Feasibility of common carotid artery point of care ultrasound in cardiac output measurements compared to invasive methods

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J Ultrasound


BACKGROUND: Cardiac output (CO) measurement in the intensive care unit (ICU) requires invasive devices such as the pulmonary artery (PA) catheter or arterial waveform pulse contour analysis (PCA). This study tests the accuracy and feasibility of point of care ultrasound (POCUS) of the common carotid artery to estimate the CO non-invasively and compare it to existing invasive CO measurement modalities.

METHODS: Patients admitted to the surgical and cardiothoracic ICU in a tertiary university-affiliated academic center during a 4-month period, with invasive hemodynamic monitoring devices for management, were included in this cohort study. Common carotid artery POCUS was performed to measure the CO and the results were compared to an invasive device.

RESULTS: Intensivists and ICU fellows, using ultrasound of the common carotid artery, obtained the CO measurements. Images of the Doppler flow and volume were obtained at the level of the thyroid gland. Concurrent CO measured via invasive devices was recorded. The patient cohort comprised 36 patients; 52 % were females. The average age was 59 ± 13 years, and 66 % were monitored via PCA device and 33 % via PA catheter. Intraclass correlation coefficient (ICC) analysis demonstrated almost perfect correlation (0.8152) between measurements of CO via ultrasound vs. invasive modalities. The ICC between POCUS and the invasive measurement via PCA was 0.84 and via PA catheter 0.74, showing substantial agreement between the ultrasound and both invasive modalities.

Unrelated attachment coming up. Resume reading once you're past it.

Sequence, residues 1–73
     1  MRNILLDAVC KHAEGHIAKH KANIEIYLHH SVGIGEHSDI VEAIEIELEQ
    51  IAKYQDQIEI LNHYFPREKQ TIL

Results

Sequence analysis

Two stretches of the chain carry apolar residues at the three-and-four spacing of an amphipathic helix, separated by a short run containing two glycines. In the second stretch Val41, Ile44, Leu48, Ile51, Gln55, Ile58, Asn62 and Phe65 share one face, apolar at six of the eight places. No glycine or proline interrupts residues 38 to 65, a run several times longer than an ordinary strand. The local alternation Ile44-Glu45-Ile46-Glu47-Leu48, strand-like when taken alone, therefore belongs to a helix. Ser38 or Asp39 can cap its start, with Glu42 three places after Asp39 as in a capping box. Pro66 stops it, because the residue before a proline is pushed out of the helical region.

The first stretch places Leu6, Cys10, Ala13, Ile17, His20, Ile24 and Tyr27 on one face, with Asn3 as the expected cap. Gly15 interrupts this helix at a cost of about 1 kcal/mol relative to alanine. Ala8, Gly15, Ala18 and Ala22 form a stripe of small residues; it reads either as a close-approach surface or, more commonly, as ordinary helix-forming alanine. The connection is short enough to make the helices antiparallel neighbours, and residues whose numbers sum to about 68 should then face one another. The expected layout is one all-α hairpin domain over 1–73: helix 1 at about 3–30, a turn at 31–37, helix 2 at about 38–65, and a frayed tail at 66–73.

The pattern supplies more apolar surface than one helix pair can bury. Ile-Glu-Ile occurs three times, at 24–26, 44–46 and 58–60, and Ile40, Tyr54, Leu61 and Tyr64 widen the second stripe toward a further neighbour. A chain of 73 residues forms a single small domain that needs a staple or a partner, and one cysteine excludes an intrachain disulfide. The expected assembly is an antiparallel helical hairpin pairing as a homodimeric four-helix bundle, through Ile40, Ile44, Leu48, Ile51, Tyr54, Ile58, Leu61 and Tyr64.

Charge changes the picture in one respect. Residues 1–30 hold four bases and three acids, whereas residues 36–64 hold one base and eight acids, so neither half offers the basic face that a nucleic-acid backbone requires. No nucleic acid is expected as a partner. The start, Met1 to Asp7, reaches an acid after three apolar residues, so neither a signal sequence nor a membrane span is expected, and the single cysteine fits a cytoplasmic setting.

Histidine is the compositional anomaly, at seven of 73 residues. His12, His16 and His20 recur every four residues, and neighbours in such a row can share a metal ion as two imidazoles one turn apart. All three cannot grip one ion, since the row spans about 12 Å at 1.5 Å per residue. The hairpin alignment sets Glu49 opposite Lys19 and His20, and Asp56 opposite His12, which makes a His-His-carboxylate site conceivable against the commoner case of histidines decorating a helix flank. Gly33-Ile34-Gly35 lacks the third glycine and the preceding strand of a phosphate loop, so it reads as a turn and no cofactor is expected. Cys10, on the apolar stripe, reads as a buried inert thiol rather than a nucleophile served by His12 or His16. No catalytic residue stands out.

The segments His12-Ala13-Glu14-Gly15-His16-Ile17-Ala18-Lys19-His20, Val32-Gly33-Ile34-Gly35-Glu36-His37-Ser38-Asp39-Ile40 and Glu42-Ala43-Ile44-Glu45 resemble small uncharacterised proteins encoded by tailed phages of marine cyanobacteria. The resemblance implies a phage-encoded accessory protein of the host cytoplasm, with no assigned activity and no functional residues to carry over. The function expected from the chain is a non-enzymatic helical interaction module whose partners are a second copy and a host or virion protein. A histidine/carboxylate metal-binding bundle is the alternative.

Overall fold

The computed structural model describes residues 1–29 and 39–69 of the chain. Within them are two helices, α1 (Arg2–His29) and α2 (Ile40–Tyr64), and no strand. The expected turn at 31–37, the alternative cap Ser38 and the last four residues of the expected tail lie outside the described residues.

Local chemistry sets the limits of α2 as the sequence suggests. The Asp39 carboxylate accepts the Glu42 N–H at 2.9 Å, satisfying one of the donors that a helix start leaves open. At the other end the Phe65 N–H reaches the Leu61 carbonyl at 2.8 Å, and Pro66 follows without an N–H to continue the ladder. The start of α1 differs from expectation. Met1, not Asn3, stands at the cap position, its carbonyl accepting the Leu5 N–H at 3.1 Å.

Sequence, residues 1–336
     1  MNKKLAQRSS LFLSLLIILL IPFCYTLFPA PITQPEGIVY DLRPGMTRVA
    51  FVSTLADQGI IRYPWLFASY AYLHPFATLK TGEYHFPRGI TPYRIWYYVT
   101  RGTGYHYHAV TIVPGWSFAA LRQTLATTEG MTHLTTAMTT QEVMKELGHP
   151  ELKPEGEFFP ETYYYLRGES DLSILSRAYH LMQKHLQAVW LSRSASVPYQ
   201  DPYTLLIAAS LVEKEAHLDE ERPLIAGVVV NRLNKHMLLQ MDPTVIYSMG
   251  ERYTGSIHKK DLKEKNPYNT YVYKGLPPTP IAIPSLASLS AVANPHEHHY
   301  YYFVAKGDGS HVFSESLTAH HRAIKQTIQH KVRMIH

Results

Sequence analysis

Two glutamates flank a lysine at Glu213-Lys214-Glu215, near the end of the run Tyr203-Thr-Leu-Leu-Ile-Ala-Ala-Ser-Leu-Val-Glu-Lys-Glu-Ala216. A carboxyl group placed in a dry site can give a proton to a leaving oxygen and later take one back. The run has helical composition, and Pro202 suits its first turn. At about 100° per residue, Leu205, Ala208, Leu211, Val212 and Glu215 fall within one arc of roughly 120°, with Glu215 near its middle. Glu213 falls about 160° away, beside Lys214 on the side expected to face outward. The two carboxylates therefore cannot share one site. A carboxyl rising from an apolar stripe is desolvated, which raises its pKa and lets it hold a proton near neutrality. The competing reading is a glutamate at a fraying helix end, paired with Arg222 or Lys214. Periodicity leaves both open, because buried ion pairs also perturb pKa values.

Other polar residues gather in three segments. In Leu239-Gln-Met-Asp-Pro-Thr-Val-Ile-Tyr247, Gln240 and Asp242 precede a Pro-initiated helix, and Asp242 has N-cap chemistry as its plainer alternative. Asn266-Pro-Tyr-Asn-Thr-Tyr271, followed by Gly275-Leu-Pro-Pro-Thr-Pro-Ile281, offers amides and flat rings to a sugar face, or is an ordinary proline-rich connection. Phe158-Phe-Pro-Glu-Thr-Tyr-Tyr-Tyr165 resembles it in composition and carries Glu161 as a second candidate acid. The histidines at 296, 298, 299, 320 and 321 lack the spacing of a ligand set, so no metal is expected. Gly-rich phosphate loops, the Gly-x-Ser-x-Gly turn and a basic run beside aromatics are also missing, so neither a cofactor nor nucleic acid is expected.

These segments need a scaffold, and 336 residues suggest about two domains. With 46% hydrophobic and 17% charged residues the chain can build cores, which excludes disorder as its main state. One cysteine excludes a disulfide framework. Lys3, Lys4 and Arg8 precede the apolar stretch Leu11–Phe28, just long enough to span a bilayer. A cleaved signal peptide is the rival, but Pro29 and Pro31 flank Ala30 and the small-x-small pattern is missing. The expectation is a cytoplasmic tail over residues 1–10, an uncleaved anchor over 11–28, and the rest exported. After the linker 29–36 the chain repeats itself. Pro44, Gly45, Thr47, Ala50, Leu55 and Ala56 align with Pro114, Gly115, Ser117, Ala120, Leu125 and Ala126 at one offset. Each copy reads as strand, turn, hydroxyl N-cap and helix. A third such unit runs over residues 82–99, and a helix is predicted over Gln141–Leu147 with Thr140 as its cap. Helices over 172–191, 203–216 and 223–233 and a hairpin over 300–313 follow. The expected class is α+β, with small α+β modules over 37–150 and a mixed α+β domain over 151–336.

CONCLUSIONS: Common carotid artery POCUS offers a non-invasive method of measuring the CO in the critically ill population.

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